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Observer Comments

October 2012

18:58 Wed Oct 31st

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Splintered wood from a sign on the summit.

As many of you know, there are two shifts that rotate working as summit crew. Living outside of Boston, I saw some of the damage first hand. Weathering out the storm in the protection of my house hundreds of miles away from the center of the storm, I could only imagine the damage it was inflicting further south. I lost power early on in the storm, so only after I arrived at the summit this morning could I see pictures of the destruction in New Jersey and New York.

Even driving in New Hampshire, downed trees and swollen rivers were a common sight. The summit recorded a peak gust of 140 miles per hour, the fastest that many of the current observers have seen on the summit.

Although I wasn't on the summit for the hurricane, I can imagine what it was like from the stories of those who were. The concrete building is quite anchored into the ground, however any wooden structures outside were put to the test. The posts holding up one of the large signs on the summit snapped in the strong wind. Heading up the tower sounded as if a train was barreling past. Sedge (a type of alpine grass) was pasted onto the windows, a sign that even the well-adapted alpine plant was having a hard time in the wind. The high winds gave one of our observers, Becca Scholand, an opportunity to join the unofficial 'century club', whose members must walk the perimeter of the observation deck without traction devices or touching the ground in sustained 100 mph winds. Although the winds are dying down and the moisture from the storm is slowly moving north, the hurricane left a scar on the east coast that will not leave the memories of locals any time soon.

Observer footnote: If you think you have what it takes to predict when wintry weather will hit the area, enter our snow contest. Purchase a ticket for $2 and register your prediction of the day and time that Jackson, New Hampshire will receive its first 6' of snow in a single storm. If your prediction is correct, you'll win half of the ticket sale proceeds! The other half will be split equally between the Observatory and Jackson Area Chamber of Commerce.

Mike Dorfman – Summit Intern

23:35 Tue Oct 30th

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Gulfside Trail

Today (Tuesday) has inevitably arrived (and nearly past). It's the last day before the summit staff shift change. This is the fifth time in the past four years that I have experienced this bittersweet day as a summit volunteer. I, along with my observer housemates for the week, leave for lower elevations tomorrow; off the summit of this sublime, ferocious, otherworldly place that the top of Mount Washington is to me. That's the bitter.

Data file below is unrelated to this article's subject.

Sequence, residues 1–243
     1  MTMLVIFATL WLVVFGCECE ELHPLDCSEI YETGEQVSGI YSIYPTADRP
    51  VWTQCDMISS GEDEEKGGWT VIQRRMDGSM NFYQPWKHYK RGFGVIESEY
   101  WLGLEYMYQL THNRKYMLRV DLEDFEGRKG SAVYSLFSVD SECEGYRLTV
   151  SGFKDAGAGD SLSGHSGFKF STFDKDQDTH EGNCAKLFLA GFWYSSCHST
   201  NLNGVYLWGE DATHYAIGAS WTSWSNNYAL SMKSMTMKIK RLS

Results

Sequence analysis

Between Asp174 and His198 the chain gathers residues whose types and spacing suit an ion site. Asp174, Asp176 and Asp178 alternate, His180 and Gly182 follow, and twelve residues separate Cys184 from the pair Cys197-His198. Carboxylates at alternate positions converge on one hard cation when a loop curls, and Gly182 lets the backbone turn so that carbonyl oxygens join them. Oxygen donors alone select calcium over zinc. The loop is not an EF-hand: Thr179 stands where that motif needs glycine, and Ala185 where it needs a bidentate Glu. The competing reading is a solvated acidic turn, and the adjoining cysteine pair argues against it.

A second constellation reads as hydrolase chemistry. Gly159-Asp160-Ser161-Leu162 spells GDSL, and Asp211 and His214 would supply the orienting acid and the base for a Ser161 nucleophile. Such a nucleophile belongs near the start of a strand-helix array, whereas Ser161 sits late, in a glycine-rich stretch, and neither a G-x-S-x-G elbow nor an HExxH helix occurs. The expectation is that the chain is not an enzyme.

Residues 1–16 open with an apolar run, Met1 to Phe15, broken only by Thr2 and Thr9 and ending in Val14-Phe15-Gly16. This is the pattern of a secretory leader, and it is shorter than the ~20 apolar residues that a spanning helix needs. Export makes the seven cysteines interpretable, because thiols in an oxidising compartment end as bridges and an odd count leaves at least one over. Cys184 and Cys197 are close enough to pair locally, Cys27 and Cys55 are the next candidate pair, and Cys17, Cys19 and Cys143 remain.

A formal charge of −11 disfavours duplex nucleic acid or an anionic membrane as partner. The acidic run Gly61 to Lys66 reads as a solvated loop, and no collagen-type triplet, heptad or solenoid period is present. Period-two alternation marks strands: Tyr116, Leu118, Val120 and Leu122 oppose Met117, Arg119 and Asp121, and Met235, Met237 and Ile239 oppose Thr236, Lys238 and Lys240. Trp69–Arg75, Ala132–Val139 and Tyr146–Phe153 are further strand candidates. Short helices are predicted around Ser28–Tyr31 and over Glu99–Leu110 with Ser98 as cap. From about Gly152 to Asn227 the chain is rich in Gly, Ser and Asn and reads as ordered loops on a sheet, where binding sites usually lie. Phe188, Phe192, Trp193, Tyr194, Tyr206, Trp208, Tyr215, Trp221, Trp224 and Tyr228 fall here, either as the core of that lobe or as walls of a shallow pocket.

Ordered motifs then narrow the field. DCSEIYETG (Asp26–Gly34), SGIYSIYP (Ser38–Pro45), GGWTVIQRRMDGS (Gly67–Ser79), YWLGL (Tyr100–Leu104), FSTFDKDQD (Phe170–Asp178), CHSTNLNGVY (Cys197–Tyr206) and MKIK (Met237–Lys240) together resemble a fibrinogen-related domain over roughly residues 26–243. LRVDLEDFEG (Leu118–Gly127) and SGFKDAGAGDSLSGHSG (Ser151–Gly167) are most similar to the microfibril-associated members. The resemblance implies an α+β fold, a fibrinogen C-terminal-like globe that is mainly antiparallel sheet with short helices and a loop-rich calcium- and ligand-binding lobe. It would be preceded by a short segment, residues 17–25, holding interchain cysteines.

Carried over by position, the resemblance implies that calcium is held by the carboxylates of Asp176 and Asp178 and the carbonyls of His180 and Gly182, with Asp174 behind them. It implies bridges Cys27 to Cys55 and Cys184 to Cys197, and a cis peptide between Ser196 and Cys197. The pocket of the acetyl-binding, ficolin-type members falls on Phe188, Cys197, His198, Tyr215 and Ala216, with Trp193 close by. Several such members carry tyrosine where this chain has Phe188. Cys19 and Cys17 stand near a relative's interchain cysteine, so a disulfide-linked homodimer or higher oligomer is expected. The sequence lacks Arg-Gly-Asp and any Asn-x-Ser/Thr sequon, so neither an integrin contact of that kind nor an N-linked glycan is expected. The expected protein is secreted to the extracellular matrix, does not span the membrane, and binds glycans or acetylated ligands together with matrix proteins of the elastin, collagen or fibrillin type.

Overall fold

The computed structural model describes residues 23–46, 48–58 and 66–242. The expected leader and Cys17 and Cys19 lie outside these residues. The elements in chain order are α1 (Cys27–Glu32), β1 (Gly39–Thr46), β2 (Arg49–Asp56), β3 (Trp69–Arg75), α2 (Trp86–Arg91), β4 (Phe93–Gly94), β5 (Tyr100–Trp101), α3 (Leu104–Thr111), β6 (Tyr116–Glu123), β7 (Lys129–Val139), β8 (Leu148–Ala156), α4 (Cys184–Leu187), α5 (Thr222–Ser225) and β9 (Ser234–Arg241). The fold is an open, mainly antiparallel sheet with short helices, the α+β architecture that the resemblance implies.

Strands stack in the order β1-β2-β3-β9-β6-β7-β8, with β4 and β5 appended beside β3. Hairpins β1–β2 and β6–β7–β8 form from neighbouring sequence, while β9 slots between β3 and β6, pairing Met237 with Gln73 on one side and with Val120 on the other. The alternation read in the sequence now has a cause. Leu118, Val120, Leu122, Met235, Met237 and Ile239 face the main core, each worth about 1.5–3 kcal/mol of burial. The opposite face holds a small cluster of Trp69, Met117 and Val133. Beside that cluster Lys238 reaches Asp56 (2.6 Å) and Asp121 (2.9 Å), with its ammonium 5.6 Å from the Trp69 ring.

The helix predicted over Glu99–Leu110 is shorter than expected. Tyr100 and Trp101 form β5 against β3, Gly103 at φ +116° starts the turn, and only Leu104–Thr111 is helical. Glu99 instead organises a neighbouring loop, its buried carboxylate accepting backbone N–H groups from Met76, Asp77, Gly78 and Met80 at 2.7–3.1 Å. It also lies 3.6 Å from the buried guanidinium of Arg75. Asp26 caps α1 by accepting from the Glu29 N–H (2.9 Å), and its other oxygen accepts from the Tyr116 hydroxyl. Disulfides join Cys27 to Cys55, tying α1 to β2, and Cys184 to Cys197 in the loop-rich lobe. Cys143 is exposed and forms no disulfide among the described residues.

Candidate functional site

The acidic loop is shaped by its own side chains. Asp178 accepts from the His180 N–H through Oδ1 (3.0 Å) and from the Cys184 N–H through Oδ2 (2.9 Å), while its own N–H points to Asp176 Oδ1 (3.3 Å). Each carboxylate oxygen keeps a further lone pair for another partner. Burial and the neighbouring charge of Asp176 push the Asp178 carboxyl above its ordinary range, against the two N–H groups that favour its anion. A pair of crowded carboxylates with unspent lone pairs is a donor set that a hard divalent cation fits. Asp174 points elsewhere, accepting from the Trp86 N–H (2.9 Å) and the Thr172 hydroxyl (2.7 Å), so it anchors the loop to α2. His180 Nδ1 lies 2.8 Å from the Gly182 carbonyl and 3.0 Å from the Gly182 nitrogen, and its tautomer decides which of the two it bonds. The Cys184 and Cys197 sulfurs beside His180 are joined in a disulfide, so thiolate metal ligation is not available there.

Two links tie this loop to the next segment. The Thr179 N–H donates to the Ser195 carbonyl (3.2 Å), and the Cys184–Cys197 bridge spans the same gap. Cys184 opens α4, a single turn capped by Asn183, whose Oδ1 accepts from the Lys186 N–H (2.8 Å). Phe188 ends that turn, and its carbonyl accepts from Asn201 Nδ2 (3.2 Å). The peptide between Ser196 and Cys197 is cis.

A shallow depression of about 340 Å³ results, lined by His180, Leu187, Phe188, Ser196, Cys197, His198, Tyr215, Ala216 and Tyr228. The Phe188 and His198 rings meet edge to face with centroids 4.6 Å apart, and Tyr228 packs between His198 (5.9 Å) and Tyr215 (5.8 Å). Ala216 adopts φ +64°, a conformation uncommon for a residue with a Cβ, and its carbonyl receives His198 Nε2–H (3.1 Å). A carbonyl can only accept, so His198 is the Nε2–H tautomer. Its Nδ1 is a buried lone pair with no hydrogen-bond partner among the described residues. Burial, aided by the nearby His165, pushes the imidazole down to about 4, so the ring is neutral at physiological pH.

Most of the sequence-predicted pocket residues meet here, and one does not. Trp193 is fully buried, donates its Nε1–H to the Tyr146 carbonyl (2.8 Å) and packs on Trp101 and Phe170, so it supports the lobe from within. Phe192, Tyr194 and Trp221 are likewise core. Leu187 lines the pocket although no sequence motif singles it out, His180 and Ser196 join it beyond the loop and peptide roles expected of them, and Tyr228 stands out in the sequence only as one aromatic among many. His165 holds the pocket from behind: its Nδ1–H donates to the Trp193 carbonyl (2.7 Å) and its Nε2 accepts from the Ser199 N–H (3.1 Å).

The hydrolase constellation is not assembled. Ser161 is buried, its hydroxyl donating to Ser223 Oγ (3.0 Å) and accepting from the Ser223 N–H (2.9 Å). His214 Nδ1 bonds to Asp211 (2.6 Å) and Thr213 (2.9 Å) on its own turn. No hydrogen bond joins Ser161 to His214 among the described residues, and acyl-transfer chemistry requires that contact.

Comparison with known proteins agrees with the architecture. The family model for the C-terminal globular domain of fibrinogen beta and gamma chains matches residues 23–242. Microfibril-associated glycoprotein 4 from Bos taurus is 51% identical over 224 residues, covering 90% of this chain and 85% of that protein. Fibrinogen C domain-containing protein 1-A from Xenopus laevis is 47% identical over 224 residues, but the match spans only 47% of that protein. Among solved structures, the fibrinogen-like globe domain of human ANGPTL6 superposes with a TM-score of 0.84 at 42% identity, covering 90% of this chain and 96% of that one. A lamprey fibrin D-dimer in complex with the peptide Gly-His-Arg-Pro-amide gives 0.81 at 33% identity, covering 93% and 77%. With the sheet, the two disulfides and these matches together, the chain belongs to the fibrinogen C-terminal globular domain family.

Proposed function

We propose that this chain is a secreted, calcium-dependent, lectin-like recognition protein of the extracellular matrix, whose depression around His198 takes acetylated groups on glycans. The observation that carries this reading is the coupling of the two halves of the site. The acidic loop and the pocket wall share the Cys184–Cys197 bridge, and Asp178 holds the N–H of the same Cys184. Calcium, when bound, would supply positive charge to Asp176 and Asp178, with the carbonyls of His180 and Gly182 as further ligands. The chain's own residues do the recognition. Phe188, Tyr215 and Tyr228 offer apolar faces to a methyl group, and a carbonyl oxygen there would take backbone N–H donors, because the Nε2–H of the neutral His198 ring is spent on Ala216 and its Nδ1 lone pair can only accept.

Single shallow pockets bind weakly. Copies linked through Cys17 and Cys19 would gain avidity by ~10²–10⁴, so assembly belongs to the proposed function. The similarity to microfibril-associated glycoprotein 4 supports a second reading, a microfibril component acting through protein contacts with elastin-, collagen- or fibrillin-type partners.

Going home to my lovely wife, family and friends, to my job; back to the pleasant routines of my happy valley life-back to share the experiences and photographs of my week here- that's the sweet.

Tuesday is not my favorite day up here. It is a day of cooking, as usual. I like that part. But also of cleaning, organizing, taking inventory, and packing to leave. The hikes I haven't taken, the emails I haven't written, the book I haven't finished, must all be put aside until the scrubbing, vacuuming and disinfecting are complete. If this sounds like complaining to you, it's only because as I write this, the odor of oven cleaner and Lysol are still strong on my hands.

Tuesday aside, the experiences I've had as a volunteer are, as the commercial says...priceless! Watching the sunrise reflect off the Atlantic, feeling the crunch of rime ice under my boots, seeing flocks of Snow Buntings flying among the rocks and sedge along the Gulfside Trail, are all inexpressible joys to me. I have revisited many of what are, by now, some favorite haunts up here- the Nelson Crag, Boott Spur, Mt. Clay, Monroe and Franklin. None of these things, even on my fifth visit here, fail to entertain awe as well as inspire and renew my spirit.

This week brought the added anticipation of a big storm. I spent parts of Saturday and Sunday helping prepare the Observatory for this event-weather stripping the tower and parapet doors, as well as repairing and reinforcing their handles. I got to aid Roger in relocating a radio antenna to improve data transmission from Wildcat Mountain, 2000' below us. I was grateful for the hands-on work and the feeling of helping this hardworking and competent crew.

Out of concern and sympathy for all the people who are suffering from the effects of Sandy, I will only say that it was impossible not to feel the adrenaline rush of experiencing a major storm here in the home of the World's Worst Weather. The wind literally howled, the vent ducts banged violently with every gust, the windows were plastered with flying sedge, water in copious amounts found dozens of entryways into the building. We watched as the recording arm on the Hays wind speed recorder spiked to nearly 140 MPH. Quite an impressive show.

Many thanks to my friends at the Observatory for the opportunity to spend another drudge Tuesday up here...as well as an unforgettably marvelous week before it above the trees.

Joe Kayan – Summit Volunteer

16:27 Mon Oct 29th

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Snow stakes along the Auto Road